Package 400 also includes optional BGA-type contact pads 411 on frontside surface 416. Because of the location of the contact pads 410, substrate 414 can be made of various materials, such as G10-FR4, steel or glass. In particular embodiments where the contact pads are on the backside surface 418, the substrate 414 can be made of silicon and feature through vias that enable electrical connections with the contact pads. In another embodiment, the substrate is primarily used as a building platform to form the package 400 and is ultimately ground off.

FIG. 4B illustrates another embodiment of the present invention, which has many of the features illustrated in FIG. 4A. This embodiment includes additional components, including precision trim-able capacitor 430 and resistor 432, micro-relay 434, low cost configurable, precision passive feedback network 436, FR-4 mount 438, and photovoltaic cell 440. Cell 440 could be covered with a layer of transparent material, such as transparent SU-8. In other embodiments, photovoltaic cell 440 could be replaced by a windowed gas sensor, a wireless phased antenna array, a heat sink or another suitable component. Package 400 can include many additional structures, including a power inductor array, a RF capable antenna, thermal pipes and external pads for dissipating heat from the interior of the package 100.

FIGS. 4C and 4D illustrate two other embodiments having thermal pipes. FIG. 4B illustrates a package 479 that includes an integrated circuit 486 embedded in multiple layers of planarizing, photoimageable epoxy 480. Metal interconnects 484 are coupled with bond pads (not shown) on the active surface of the integrated circuit 486. The backside of the integrated circuit 486 is mounted onto a thermal pipe 488, which includes thermal trace 488 a and thermal vias 488 b. Thermal pipe 488 is made of any suitable material that conducts heat well, such as copper. As indicated by the dotted line 489, heat from the integrated circuit 486 is routed through the backside of the integrated circuit 486, around thermal trace 488 a and up through thermal vias 488 b, so that the heat is ventilated through the external top surface of the package 479. The embodiment illustrated in FIG. 4B can be fabricated using various techniques, such as the ones discussed in connection with FIGS. 3A-3K.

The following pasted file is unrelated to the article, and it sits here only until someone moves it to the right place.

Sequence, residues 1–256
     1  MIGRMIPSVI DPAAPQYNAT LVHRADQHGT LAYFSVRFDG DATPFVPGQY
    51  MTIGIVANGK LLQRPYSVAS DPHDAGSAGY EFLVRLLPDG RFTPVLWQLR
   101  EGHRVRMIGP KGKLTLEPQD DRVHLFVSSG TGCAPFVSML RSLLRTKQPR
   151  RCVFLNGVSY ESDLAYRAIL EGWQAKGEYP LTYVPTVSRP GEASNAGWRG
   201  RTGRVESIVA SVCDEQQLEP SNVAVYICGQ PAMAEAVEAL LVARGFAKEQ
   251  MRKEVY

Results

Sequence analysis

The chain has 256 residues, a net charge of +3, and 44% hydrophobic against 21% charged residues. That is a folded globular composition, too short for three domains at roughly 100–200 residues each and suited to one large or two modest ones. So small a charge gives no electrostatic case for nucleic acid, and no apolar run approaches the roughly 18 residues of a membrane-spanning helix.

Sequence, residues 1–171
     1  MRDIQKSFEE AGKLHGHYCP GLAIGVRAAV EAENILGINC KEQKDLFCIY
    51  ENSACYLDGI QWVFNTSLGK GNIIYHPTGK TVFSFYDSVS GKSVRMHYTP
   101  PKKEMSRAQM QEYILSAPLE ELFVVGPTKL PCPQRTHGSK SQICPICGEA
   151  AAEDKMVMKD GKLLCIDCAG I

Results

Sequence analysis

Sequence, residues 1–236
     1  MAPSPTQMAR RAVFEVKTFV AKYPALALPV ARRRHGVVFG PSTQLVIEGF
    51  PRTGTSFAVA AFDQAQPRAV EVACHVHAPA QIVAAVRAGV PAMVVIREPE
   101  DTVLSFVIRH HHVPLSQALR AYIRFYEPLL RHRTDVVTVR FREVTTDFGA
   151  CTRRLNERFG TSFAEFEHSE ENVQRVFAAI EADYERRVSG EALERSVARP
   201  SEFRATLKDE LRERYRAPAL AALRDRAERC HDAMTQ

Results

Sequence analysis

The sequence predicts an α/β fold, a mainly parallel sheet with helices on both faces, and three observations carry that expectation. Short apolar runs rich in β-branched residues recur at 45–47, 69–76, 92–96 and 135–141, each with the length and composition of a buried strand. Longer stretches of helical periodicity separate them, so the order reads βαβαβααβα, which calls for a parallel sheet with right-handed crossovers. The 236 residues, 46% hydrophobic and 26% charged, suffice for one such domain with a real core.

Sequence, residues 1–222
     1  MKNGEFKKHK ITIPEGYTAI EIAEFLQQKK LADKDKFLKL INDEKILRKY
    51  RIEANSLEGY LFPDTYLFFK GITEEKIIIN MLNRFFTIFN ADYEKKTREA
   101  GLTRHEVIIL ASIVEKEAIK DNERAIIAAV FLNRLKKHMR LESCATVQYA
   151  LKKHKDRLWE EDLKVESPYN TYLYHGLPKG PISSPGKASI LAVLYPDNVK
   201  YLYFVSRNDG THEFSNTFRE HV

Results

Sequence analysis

FIG. 4D illustrates another embodiment of the present invention. The embodiment includes an integrated circuit 114 a whose bottom surface is thermally coupled with thermal pipes 470. Thermal pipes 470 are made from a thermally conductive material, such as copper, and transmit heat from the integrated circuit 114 a to external heat ventilation sites 472 of package 100. Heat dissipation can pose a problem for packages with multiple integrated devices and high power densities. Thermal pipes 470, which can be coupled with one or more devices within package 100, allow internally generated heat to be transported to one or more external surfaces of package 100. In FIG. 4C, for example, heat is conducted away from the integrated circuit 114 a to heat ventilation sites 472 on the top, bottom and multiple side surfaces of package 100, although heat ventilation sites can be located on almost any location on the exterior of the package 100.